Day 2 in Murchison Falls started with waking to the sounds of hippos grunting in the water. We got dressed and packed and headed to the main lodge for breakfast. We had allotted 90 minutes for a leisurely breakfast and checking out, but the bajillion course breakfast was even more leisurely, and we ended up leaving about 30 minutes after we'd planned. Meanwhile we watched the hippos (back in the water) and chatted and enjoyed being one of only two groups of guests at this impeccable lodge (the other group was a quiet British couple).
Finally we were back in the van on our way to the other side of the park to our second lodge. This necessitated leaving the park and driving around to another gate because the one road through the park was currently impassable. There were plenty of various antelope (which we now just call DLTs, short for deer-like things, a term coined during last year's Kidepo trip and one that comes in very handy), a few giraffes, and some monkeys as we drove out of the park, and then we got back on the main road and drove around to the other side. As we got closer to the park again we started seeing elephants in the fields and swamps and stopped a few times to take photos. One particular elephant, very close to the road, was balancing on three legs and had his back left leg crossed around the other back leg, nursing a very nasty wound from a poacher's snare. We all winced and cursed the poachers and wished him well. He'd feature again later in the weekend...
We re-entered the park around noon and headed towards Paraa Safari Lodge. Along the way we spotted our first Jackson's Hartebeest - my favorite dopey-looking antelope, patas monkeys, our first buffalo of the weekend, and plenty more DLTs. We were greeted by a sightings board which amused us to no end given the hilarious projections of numbers of hippos, deer, and warthogs as well as the lone motorcycle rider. We noted that the only predators on the board were 2 lions, but our guide said they had actually been seen the day before.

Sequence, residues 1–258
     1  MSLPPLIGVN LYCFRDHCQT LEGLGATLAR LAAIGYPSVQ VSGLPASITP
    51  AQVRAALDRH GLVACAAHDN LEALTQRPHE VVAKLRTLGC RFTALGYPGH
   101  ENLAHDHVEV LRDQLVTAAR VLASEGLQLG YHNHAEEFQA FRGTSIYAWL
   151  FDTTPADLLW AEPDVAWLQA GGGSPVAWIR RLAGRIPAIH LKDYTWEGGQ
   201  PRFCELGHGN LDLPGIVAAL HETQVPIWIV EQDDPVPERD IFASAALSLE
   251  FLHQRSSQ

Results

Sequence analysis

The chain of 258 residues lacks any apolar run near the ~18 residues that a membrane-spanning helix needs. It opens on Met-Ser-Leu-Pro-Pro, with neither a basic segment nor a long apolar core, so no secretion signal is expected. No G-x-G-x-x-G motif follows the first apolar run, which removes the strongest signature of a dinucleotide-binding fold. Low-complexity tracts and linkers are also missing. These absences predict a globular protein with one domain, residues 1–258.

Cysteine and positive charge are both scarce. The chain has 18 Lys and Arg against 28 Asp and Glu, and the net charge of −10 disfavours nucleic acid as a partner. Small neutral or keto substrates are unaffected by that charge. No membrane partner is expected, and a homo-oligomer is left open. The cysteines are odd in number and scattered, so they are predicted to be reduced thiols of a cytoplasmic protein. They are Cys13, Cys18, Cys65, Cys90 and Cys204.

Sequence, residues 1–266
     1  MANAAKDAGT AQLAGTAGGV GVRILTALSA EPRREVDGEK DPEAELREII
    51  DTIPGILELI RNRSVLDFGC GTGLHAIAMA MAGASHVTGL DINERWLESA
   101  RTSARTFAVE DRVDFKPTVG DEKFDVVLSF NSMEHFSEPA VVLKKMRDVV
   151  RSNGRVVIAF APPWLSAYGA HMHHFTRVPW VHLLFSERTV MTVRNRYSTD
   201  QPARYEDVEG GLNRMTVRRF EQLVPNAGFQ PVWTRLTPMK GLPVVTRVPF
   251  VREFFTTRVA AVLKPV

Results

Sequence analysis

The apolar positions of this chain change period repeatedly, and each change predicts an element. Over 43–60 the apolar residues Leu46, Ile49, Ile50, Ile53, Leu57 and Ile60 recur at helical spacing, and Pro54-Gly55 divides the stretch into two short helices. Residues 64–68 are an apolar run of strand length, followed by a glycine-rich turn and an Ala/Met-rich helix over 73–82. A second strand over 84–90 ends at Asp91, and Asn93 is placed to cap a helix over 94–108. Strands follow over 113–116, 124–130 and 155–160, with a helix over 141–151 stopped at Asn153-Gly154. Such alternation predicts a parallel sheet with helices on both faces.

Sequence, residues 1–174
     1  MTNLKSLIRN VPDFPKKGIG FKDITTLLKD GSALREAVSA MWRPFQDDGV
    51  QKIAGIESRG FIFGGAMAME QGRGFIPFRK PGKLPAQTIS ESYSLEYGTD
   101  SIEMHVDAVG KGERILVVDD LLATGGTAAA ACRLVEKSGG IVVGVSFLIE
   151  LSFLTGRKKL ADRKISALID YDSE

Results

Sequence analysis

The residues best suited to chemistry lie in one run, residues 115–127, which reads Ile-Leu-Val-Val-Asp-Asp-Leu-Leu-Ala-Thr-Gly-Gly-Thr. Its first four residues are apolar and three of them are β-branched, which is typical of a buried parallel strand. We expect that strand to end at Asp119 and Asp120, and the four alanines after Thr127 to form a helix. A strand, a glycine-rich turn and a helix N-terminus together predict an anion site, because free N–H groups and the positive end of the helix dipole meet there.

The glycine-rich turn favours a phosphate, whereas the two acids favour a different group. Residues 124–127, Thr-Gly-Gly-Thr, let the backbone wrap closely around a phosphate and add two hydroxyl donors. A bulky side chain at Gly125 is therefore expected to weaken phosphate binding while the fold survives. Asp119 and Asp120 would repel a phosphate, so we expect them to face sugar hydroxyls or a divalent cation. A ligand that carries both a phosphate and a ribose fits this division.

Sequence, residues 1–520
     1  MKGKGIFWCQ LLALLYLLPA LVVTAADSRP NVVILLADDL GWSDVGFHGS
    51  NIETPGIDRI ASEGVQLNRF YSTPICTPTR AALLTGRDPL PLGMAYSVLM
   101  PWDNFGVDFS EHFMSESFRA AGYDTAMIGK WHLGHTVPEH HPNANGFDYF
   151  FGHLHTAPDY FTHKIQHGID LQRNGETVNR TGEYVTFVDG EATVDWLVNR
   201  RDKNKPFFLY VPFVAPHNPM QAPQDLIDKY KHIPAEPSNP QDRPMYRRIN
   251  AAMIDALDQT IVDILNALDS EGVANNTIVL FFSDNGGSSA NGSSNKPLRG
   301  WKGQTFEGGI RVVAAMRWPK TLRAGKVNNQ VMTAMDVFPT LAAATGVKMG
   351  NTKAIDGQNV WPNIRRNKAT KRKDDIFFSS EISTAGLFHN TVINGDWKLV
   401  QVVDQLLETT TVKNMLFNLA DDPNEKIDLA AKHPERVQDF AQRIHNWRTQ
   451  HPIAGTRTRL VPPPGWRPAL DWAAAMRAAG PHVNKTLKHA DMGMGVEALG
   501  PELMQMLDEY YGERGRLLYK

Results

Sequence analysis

Paraa, though owned by the same company as Chobe, is a very different type of lodge. An older lodge, built in a more rustic British colonial style, shows its age in places, and the staff were not as customer-oriented as we'd experienced at Chobe. Perhaps it was because the sheer volume of guests was overwhelming; we were immediately wishing we had another night at Chobe. Our rooms weren't yet ready so we headed upstairs for lunch. The buffet lunch was pretty disappointing after Chobe, but we made it work.
After checking in to our lackluster rooms, we read/napped/sunbathed until it was time to go on an afternoon drive. We met Grace at four and loaded into the car, roof raised, for our drive. Once we left the lodge and the park gate we soon met a recurring herd of waterbuck who we would see along the same stretch of road for the next two days and then elephants heading from the marshy areas toward the river. It was dusty and hazy here, owing to the dry grass coupled with smoke from seasonal burns. At one burn site, near the airstrip, there were thousands of birds testing the still-smoldering soil to probe for bugs and yummy treats. When it got too hot they'd fly up for a few moments and then fly right back down.